What better way to escape your broken life than to run away with four strangers? Ginny Splinter, a professional relationship expert, has just been handed divorce papers on their 30th wedding anniversary. Her reaction: she takes off for Italy with four heartbroken listeners to share their stories and bond together on a holiday of healing. It’s a lighthearted adventure as they explore Italy, looking for anything the country can offer to heal their wounded souls. Set across multiple locations in Italy, The Little Italian Hotel doesn’t offer a quick fix to everyone, but it definitely shows how good travel can be for our weary souls.
Love and Gelato by Jenna Evans Welch
Despite everything I said above about the lack of diversity for books set in Italy, there are times when we simply want a sweet light scoop of gelato. This is a book exactly like that, while still hitting some important feels in the world of YA novels. Friendship, family, and love feature high on the list. It starts with Lina, reeling from the death of her mother and the sudden expectation to travel to Italy for the summer to meet her absent dad, Howard. The only real guidance she has is her mother’s journal. As Lina’s mother takes her on a nostalgic tour through Florence, she slowly reveals her secrets and her favourite patisseries (both are equally important).
Historical Fiction Books Set in Italy
The Color Line by Igiaba Scego
In 1887, Lafanu Brown is ready to share her history with her fiancé; about her Native American mother, her African-Haitian father, and how she escaped the American Civil War to somehow become an artist. In 2019, Afro-Italian curator Leila is preparing an exhibit to combine the artwork of Lafanu Brown with the work of young migrants. As the story weaves these two characters together, Scego creates a whole new tour of Rome. The powerful story highlights a history of whitewashing and colonialism, revealing the ugly side behind some of Italy’s most stunning tourist sites.
The Name of the Rose by Umberto Eco, English version translated by William Weaver
Possibly the most famous of books set in Italy. You have mystery and history, sectarian politics, heresy, and a Benedictine monastery in northern Italy. Bonus points for the labyrinthine abbey library because it’s a library and a labyrinth. Unfortunately, it is a fictional place though inspired by the real Sacra di San Michele (St Michael’s Abbey) in Piedmont. Set in the 14th century, the death of an illuminator sparks an investigation into the power of the Church and the books it holds most dear.
Oliva Denaro by Viola Ardone
Trigger warning: contains details of domestic violence and rape.
This is not an easy book to read, but it is a hard truth-telling of Sicilian Italy in the 1960s. The titular character is a 15-year-old girl, growing up in a system of female oppression where rape is legal if followed by ‘reparative marriage’. Oliva rebels and fights for her right to choose, even with great social consequences for her family. The historical setting of 1960s Sicily is perfect, especially with the systemic abuse from the Church and State against women.
The Lost Boy of Bologna by Francesca Scanacapra
Bologna is one of the most underrated cities in Italy, possibly the world. Sure, it’s famous for its pasta sauce (which, traditionally, is delicious). However, there is far more character, history, and beauty found in the city. As heartbreaking as the story can be, The Lost Boy of Bologna captures the soul of Bologna on every page. Rinaldo Scamorza becomes an unwitting tour guide, sharing his life story and using his intimate knowledge of the city to survive. As he scampers across the streets and piazzas, Bologna becomes another character in the story. You’ll never look at Bolognese porticos in the same way again.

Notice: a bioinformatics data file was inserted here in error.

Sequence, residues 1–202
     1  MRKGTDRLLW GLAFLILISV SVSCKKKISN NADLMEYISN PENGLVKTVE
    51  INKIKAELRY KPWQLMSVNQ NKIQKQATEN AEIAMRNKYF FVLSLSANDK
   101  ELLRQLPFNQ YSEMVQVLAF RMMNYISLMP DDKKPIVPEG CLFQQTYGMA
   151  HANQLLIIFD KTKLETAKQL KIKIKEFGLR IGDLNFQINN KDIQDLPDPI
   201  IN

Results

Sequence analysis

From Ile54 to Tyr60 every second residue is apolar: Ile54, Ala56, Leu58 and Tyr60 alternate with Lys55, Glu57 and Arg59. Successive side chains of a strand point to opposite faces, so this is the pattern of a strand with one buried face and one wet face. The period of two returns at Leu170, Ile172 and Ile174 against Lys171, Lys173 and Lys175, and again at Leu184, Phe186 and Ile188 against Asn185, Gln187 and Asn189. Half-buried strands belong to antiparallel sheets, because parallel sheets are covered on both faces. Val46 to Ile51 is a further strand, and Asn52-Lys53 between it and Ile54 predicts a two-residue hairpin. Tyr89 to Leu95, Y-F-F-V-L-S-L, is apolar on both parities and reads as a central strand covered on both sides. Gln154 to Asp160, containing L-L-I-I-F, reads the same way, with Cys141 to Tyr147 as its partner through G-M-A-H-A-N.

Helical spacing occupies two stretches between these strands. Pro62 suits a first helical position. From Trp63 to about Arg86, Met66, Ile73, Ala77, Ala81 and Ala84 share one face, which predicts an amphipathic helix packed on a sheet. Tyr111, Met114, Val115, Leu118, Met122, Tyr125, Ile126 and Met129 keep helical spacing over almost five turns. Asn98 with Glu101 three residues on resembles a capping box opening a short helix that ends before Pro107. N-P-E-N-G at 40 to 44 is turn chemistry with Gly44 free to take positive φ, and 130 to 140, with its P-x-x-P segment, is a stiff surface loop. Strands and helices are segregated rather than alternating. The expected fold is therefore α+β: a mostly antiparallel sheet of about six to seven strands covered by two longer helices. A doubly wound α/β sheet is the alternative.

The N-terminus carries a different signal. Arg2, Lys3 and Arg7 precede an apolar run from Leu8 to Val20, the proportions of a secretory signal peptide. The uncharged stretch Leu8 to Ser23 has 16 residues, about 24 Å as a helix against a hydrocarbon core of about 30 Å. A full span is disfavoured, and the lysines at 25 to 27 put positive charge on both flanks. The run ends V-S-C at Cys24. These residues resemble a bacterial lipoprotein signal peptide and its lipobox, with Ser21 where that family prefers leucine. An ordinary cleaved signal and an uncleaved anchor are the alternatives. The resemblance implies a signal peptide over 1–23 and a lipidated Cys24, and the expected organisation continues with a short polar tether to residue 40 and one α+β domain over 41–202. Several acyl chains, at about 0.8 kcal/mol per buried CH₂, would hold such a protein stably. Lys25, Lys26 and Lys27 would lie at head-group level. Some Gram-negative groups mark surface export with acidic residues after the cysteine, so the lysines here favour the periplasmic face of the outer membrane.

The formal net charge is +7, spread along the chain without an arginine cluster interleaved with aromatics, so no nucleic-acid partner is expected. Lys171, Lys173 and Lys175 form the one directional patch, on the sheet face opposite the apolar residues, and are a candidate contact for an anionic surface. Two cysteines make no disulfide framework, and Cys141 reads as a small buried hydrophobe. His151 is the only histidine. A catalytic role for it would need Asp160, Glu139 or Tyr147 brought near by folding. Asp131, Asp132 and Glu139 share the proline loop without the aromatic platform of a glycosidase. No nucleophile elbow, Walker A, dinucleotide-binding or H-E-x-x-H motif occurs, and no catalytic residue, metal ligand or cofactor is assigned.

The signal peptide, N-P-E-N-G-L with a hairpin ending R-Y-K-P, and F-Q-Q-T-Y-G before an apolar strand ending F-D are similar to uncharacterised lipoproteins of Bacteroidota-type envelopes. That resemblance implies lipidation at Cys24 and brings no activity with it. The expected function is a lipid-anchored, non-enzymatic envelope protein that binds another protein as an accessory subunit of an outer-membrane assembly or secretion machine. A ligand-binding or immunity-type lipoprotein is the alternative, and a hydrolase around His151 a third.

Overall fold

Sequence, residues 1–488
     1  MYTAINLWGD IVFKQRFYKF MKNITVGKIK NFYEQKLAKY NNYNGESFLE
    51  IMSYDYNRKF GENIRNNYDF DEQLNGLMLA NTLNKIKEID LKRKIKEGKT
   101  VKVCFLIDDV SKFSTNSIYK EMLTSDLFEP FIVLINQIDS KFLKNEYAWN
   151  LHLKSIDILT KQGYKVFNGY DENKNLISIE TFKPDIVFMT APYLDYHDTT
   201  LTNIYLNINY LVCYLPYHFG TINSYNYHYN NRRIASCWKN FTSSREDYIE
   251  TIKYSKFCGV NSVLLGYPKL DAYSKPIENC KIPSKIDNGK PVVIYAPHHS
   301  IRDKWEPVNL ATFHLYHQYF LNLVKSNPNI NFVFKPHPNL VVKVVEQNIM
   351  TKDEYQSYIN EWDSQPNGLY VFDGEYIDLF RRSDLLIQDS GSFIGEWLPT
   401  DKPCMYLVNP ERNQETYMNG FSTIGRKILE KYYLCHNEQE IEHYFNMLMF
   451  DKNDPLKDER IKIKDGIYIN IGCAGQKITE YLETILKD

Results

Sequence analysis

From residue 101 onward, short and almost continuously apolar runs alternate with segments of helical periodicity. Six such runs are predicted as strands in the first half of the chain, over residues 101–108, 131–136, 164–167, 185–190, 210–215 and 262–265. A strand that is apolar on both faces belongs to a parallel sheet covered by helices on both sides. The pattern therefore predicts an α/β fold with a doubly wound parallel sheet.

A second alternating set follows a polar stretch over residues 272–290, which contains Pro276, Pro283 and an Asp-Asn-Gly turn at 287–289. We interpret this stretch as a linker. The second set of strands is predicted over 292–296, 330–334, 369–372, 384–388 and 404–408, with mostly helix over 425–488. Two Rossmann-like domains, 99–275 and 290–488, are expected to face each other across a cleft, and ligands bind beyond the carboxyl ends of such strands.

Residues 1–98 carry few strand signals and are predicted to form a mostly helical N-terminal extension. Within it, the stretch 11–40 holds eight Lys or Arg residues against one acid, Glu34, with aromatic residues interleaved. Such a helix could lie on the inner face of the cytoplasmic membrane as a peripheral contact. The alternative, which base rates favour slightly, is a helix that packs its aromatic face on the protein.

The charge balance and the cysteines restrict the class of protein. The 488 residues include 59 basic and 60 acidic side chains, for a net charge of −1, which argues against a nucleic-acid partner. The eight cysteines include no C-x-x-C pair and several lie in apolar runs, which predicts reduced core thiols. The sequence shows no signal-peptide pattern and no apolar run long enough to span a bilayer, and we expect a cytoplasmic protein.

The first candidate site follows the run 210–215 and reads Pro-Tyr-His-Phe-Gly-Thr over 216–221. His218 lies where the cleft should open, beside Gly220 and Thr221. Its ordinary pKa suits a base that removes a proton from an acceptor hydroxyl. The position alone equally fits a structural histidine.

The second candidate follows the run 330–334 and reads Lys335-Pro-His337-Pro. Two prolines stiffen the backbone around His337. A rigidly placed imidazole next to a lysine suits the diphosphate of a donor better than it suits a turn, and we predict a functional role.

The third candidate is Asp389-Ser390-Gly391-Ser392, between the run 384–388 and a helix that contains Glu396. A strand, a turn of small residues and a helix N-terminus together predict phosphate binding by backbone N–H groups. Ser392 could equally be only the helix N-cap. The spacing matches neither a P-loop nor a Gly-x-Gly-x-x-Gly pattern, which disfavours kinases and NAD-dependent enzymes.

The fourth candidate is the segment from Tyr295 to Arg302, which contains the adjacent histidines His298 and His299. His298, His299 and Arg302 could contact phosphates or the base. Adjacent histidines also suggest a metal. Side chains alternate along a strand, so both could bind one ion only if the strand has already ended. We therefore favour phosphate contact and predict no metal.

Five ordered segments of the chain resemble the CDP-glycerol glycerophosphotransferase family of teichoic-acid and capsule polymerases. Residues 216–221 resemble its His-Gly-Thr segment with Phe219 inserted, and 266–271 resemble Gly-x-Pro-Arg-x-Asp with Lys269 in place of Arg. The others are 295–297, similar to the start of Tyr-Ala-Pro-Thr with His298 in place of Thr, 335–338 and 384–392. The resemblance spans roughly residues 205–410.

The Decameron by Giovanni Boccaccio, edited by G.H. McWilliam
Nothing captures the experience of Florence during The Plague as a captive audience trying to distract itself from The Plague. The Decameron is a collection of novellas by the 14th century Italian author Boccaccio. They are presented under the guise of a story of 10 people sheltering in a secluded villa outside Florence during the Bubonic Plague. It’s a slice-of-life storytelling depicting the adventures and misadventures of the time. Life, love, fortune, and debauchery. It’s hilarious and insightful, and I so wish I had read this during COVID Lockdowns.
In Praise of Disobedience: Clare of Assisi by Dacia Maraini, translated by Jane Tylus
The small village of Assisi is dominated by the Basilica di San Francesco d’Assisi (The Basilica of Saint Francis of Assisi). Few tourists even realise there is a second Basilica: that of Santa Chiara/St Clare, a follower of St Francis and founder of the Order of Poor Ladies. Prompted by a letter from a young Sicilian girl, Maraini dives into the history of St Clare to flesh out her story and explore the cultural circumstances. The title refers to St Clare’s disobedience to her family, refusing to marry and choosing to become a nun. Both Clares become the personification of disobedience against social rules that do not support women.
The Betrothed by Alessandro Manzoni, translated by Bruce Penman
First published in 1827, The Betrothed is one of those books often featured on Italian High School reading lists and yet never truly appreciated until we are much older. It presents as a romance, but it is far more socio-commentary, painting the landscape of Lombardy during the Spanish occupation in the 1620s. Renzo and Lucia (the betrothed couple) are thwarted by the jealous Don Rodrigo, forcing them to flee and subsequently separate. Under the threat of plague, famine, and imprisonment, the lovers strive to find each other again, learning harsh lessons about trust and society’s power over our most vulnerable.